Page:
Among other prohibited items, she continued, are packing “peanuts” and Styrofoam. Sometimes, she noted, retailers — such as Best Buy — will take those materials.
With the holiday season underway and many more people purchasing goods from Amazon, Crisp said she anticipated more cardboard than usual to be recycled in coming weeks. People should flatten boxes and make certain sections no bigger than 2 feet by 3 feet are placed into the red recycling bins and — starting the week of Jan. 6, 2020 — the carts.
Then Crisp asked how many people have tied up cardboard in stacks and put it on their lawns when they had more boxes than their recycling tubs could contain
A number of audience members indicated having done that.
When the new carts go into use, she stressed, Waste Management trucks will pick up “only what is in the cart …” With the current collection system, she continued, a worker with the truck will pick up stacks of cardboard. However, a mechanical arm attached to the truck will pick up the new carts. “It’s an automated collection.”
One audience member asked whether yogurt containers can be recycled. “We’re having a running battle in my house,” the woman told Crisp.
“If there’s a little bit of residue in there,” Crisp replied, “that’s OK.”
Crisp reminded everyone to wash recyclable milk cartons as well as yogurt containers.
Moreover, Crisp pointed out that loose recyclables should be dropped into the carts. If they are in bags, she said, the materials will have to go to the landfill.
When a person asked about using paper bags to separate items, Crisp responded, “Paper’s OK.”
“How about shredded paper?” SKA board member Tom Surprise asked.
“They’re asking us to leave shredded paper out,” Crisp told him.
When SKA Director Joyce Kouba asked whether the county plans to recycle the red and blue bins after the carts go into use, Crisp explained that, because the time of year will be concurrent with the busiest part of tourist season, the county will not be able to accept the old bins.
However, Crisp continued, the staff at each of the county’s three chemical collection centers will be prepared for customers to drop off the bins. The closest chemical collection center to Siesta Key, she noted, is located at 8750 Bee Ridge Road.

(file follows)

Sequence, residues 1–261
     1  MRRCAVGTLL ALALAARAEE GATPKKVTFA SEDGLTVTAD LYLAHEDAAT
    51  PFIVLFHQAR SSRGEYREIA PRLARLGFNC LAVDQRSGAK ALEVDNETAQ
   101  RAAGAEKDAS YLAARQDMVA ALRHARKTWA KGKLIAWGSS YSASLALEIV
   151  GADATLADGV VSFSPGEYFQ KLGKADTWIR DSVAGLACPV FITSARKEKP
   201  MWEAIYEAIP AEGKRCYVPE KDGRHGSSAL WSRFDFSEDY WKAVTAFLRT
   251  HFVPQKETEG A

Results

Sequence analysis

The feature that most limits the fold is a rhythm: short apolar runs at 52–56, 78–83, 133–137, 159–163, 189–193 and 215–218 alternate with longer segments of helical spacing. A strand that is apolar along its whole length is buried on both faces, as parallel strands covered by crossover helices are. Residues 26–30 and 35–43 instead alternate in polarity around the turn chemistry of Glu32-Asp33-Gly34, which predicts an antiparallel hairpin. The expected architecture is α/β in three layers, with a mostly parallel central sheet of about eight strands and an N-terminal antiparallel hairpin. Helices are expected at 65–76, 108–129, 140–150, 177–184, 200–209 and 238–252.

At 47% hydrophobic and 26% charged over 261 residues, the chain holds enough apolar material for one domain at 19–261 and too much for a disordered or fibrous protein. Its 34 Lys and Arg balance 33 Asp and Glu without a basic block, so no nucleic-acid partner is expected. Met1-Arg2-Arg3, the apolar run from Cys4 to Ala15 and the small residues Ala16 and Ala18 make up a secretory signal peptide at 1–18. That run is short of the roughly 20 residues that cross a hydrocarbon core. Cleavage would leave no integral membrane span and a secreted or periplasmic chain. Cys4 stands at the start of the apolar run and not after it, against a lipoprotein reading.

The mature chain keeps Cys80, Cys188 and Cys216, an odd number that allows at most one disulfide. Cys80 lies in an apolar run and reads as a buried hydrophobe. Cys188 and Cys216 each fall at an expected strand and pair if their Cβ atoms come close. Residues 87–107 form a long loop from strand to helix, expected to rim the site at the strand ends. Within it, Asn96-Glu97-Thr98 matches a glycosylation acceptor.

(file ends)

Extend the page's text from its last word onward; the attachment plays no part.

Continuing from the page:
Additionally, she said, some homeowner associations have been working with county staff on special collection days for the bins.
Other drop-off locations will be provided at libraries and parks, Crisp noted.
“So we can’t put ’em in the blue carts?” one man asked.
“No, unfortunately not,” Crisp replied with a laugh.
Kouba suggested that some of the nonprofit organizations in the community that sell goods donated by the public could use the old bins — after residents have cleaned them — for storage. She suggested SKA members check with such nonprofits.
The old bins would be great for personal storage, too — in a garage, for example — SKA member Dave Patton pointed out.
One person asked about news reports that the recycling market had shrunk significantly because China no longer was accepting materials from the United States.
Crisp explained that the problem that prompted Chinese concerns was the contamination of recyclables from the United States, as people in the past had not been careful about separating out materials that should have been put in their trash.
“As long as we’re sending good clean stuff to our contractor,” Crisp continued, the contractor can bale the materials and sell them off “like a commodity.”
She added of the owner of the county’s contractor, Single Stream Recyclers LLC in Sarasota, “I don’t think he would be in business if he wasn’t making money …”